Your score is based on the number of external backlinks and the quality and relevance of these links, as well as great content. A high Domain Authority score means your blog has the potential to rank well in search engine results, and this is why brands sometimes look for a certain score when working with bloggers.
Moz can also show you which other websites are linking to your blog (backlinks) but with a free version, it will only show you a limited amount.
Keyword Rank Checker –
If you want to see where you blog is ranking for a specific keyword, or if you want to see what other websites are ranking for it, you can use the SERPs free keyword rank checker. Just enter the keyword, your blog URL (if you want to see where you rank) and then change the search engine location to UK.
Bare in mind, sometimes these results do differ to those on SEM Rush slightly, I feel like these results are more accurate. For example, SEM Rush says I’m ranked number one for ‘vintage blog’ whereas SERP’s Keyword Rank Checker says I’m number two! You can use this to see how your blog compares against your competitors and perhaps try to improve posts so that you rank higher.
Full SEO Checker –
I always enjoy using SEO checkers because they give a full overview of what can be improved on your blog. I generally use a few different ones as they pick up on different things, and then I go through each point to see if I can fix the issue. Don’t worry.. it will always come up with errors, and you can’t fix everything it flags up! It tells you things about site speed, mobile friendlyness, your meta description, headings etc.
Recommended sites include:
Check Your Broken Links –
I’ve been writing my blog for over 6 years now, which means that a lot of the websites that I’ve linked to in the past are no longer active. Google sees websites with broken links (404’s) as bad as it doesn’t give a good user experience. Therefore you should try and remove as many of the broken links on your blog as possible, although it’s not vital.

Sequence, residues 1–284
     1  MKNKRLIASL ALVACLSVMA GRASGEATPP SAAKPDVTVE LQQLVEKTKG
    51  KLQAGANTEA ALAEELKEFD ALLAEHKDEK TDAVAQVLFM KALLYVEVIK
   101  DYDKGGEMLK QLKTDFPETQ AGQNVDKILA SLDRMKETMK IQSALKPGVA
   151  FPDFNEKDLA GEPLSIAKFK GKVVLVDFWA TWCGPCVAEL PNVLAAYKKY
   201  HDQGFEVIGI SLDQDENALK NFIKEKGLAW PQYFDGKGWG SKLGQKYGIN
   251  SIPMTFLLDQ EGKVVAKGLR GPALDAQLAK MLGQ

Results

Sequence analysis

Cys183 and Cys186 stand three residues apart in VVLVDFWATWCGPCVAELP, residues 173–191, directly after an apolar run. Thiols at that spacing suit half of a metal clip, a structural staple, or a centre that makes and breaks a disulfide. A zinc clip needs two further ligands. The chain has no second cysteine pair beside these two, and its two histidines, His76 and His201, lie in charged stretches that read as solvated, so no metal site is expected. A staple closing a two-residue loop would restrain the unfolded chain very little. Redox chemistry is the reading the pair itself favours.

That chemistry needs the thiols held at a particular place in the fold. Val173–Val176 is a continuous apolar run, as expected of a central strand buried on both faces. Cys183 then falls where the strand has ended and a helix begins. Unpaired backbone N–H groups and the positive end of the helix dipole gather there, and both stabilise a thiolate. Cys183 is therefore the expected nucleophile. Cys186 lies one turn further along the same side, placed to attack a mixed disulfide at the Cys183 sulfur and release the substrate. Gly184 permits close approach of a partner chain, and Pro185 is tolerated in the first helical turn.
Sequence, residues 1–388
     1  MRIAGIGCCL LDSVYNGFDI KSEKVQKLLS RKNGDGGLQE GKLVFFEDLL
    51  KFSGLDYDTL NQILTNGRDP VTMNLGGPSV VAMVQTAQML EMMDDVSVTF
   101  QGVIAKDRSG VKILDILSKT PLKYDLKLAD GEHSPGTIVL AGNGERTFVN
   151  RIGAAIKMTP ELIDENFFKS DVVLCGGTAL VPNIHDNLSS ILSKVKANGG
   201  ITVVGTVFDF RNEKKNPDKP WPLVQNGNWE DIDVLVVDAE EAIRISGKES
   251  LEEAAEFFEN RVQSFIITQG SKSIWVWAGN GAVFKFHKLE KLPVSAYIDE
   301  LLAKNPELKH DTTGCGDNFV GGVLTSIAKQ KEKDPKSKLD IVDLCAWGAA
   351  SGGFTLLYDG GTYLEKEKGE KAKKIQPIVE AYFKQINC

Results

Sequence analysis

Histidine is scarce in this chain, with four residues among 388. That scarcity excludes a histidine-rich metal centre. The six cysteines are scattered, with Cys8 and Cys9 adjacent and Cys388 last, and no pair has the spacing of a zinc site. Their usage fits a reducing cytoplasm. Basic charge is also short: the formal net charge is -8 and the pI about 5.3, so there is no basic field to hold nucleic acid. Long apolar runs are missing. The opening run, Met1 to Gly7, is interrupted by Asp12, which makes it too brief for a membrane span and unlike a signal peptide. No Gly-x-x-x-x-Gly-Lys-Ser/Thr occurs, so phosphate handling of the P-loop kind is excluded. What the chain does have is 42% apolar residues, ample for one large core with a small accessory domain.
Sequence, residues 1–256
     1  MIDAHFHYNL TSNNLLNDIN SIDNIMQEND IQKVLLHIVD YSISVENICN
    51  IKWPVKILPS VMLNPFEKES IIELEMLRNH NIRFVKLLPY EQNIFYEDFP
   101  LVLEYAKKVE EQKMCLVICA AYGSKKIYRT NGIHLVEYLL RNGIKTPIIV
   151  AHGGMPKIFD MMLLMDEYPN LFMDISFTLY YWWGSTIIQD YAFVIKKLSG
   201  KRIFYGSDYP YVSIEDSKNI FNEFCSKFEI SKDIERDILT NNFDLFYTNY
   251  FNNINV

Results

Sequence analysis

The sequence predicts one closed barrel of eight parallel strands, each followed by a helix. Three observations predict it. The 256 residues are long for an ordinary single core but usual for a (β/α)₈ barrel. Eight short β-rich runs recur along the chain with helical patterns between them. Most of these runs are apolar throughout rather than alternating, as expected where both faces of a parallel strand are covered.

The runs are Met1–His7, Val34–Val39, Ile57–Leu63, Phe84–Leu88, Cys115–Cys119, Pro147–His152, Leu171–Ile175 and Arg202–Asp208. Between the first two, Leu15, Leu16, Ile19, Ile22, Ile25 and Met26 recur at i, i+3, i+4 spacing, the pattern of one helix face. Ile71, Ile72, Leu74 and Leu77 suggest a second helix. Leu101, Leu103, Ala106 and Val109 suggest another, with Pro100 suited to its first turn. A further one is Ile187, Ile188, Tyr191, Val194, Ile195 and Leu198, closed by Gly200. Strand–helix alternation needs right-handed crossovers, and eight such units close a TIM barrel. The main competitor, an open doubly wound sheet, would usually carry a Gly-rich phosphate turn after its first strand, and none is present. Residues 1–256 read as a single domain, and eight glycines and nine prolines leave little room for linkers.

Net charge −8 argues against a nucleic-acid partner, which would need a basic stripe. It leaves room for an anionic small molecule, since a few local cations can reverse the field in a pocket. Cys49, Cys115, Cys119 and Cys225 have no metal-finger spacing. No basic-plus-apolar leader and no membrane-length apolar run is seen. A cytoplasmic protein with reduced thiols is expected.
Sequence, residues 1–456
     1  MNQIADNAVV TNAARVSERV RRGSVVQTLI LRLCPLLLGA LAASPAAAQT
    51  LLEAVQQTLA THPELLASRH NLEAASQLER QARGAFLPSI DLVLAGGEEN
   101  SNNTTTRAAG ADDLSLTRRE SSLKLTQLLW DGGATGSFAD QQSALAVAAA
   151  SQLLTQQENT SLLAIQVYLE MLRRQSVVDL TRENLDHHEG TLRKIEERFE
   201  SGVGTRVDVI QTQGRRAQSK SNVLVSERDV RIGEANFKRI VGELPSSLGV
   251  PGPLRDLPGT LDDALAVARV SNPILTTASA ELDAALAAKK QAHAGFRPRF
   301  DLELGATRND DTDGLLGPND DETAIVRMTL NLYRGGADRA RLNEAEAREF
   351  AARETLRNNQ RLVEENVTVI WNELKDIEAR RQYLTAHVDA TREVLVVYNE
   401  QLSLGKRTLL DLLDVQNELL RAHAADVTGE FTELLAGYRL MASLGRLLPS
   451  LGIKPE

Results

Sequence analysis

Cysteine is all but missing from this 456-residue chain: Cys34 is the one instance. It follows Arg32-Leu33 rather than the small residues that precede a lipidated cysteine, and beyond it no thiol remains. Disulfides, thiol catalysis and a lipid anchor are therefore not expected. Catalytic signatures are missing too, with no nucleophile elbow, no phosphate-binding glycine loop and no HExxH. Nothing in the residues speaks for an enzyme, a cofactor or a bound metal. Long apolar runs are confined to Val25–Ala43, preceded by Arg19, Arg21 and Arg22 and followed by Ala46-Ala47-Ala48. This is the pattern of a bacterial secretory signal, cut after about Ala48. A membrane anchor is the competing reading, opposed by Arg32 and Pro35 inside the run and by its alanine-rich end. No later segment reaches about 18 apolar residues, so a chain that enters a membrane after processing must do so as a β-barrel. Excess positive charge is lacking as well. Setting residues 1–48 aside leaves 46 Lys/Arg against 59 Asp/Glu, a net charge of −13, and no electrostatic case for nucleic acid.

A tool I use to find these broken links is Broken Link Check. It’s an annoying and time consuming task, but it’s worth doing to ensure you have a nice clean blog that your readers can navigate seamlessly.
Sometimes the broken links are actually other bloggers that have left you comments in the past who have now stopped blogging and their link is no longer active. You would have to delete the comment to remove the broken link, but I seem to have so many that I’ve just left any that are in old comments.
Social Media –
A few tips with regards to social media for bloggers; when you upload images to Instagram, use relevant hashtags to your image to increase visibility. You can use a website like TagsForLikes where you can copy lists of hashtags and then easily paste them onto your image caption.
On Twitter, make sure that you set up Twitter Cards so that when you tweet your blog link, it includes a thumbnail image from your blog as well as the meta description (see below for an example of me tweeting my link). It just makes it nicer to look and and is more likely to catch someone’s attention than just a URL in text from. There is a guide to set this up here and here.